What I would recomend is start with a case full of Black powder uncompressed and no air space with a .060 wad and 1 or 2 tracing paper wads and seat the bullet. Lube the bullets with a good BP lube emmerts or SPG. Measure the rifling twist and use a bullet of appropriate length for it. Work up from here adding 2 grns powder and compression as you go. I believe a good BP along the lines of Old Ensforde 1 1/2F or Swiss 1 or 1 1/2f at the optimum compression should make for a very accurate load.
    Also keep in mind cases ( by maker and production) can vary in capacity due to wall thicknesses, and shape of case head in the case. The old balloon heads held more than modern and lather bored may be thicker in the body than formed.
    I don't believe with these 2 powders a duplex loading is needed. Use a standard rifle primer ( I use a lot of rem 9 1/2s in BP loads). A light neck tensionor as shot and a light taper crimp to just set a light neck tension.

  11. #11
    Boolit Master

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    Safety, like any other regulatory program, can become a “growth industry” where more and more strictures are piled on until one can’t do anything, so therefore, one is absolutely Safe.

    Ken Waters loaded hundreds of smokeless charges in dozens of antique black powder rifles and never blew any of them up. Dozens of other gun writers did so too. A careful handloader can do the same now. A careless one can blow up anything, antique or modern.

    The Quigley has been going on for 27 years now with an average of 500 or so shooters every time, banging up over 100 rounds apiece in practice, sight-in and the Match itself. From my observation, at least half of them shoot smokeless loads, and probably some who shoot black powder shoot duplex loads. In all this time, exactly two rifles have blown up.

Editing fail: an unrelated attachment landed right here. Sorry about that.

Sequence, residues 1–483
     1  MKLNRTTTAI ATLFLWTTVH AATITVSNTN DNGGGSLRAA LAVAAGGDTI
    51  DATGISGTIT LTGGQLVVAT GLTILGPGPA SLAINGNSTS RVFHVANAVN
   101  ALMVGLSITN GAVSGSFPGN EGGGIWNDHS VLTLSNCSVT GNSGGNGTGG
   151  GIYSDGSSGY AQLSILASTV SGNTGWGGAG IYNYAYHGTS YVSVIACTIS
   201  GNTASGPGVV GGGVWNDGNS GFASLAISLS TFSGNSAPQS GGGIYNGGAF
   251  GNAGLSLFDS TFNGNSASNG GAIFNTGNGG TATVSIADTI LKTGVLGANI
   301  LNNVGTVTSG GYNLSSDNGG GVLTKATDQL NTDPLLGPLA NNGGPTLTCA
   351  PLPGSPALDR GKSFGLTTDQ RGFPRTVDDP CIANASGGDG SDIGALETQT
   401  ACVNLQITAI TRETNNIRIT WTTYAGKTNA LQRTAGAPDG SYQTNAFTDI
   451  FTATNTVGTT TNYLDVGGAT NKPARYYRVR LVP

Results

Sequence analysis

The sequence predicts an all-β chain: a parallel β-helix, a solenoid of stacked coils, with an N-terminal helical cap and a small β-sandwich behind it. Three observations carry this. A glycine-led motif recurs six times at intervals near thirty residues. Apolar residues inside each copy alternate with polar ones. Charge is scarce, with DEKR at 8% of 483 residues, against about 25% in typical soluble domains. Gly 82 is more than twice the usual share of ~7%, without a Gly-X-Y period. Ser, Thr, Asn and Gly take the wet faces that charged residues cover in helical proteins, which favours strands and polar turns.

Making generalizations from those statistics as to the suitability of smokeless loads in general in antique rifles in general is like that story of the first two Model Ts registered in Kansas (or somewhere) that were involved in a head-on collision with each other. “You’ll nevvir git me into one of thim jalopies; nossir!”

    I dunno; maybe I’ve just outlived my time. My load development and loading procedures follow Elmer Keith’s dictum that you approach the process like a three-legged coyote trying to get the bait out of a Number 3 Newhouse. But I do see a lot of “Anybody got any good loads?” questions posted on the Internet by people who apparently trust anonymous strangers more than powder and reloading equipment manufacturers with their guns, hands and faces. So maybe 21st Century handloading is now becoming a risky thrill ride rather than a careful, logical stepwise procedure.

    Such people, to me, ought to shoot nothing but factory loads and hang their antiques on the wall to admire. Handloading and shooting are risky, but risks can still be managed. I don’t expect my guns to blow up, and I don’t expect to have a head on collision on the way to the range. It could still happen, of course, but I do everything I can to minimize the chances, and I don’t sit home and avoid the risks.

    That said, I find duplexing only becomes a preferred option for me after the caliber in question gets smaller than .38-55 or so. This is why the established black powder guns in the old days were large bores; the .38 was the benchrest caliber, the .32-20 could fire enough shots for the rancher and woods loafer and the .32-40 size (until Pope and others started duplexing) was for the Shuetzen shooters who “liked their beer and liked their luck.” The small .25 caliber blackpowder cartridge was cutting edge technology equivalent to the wildcat smokeless developments in the 1930s.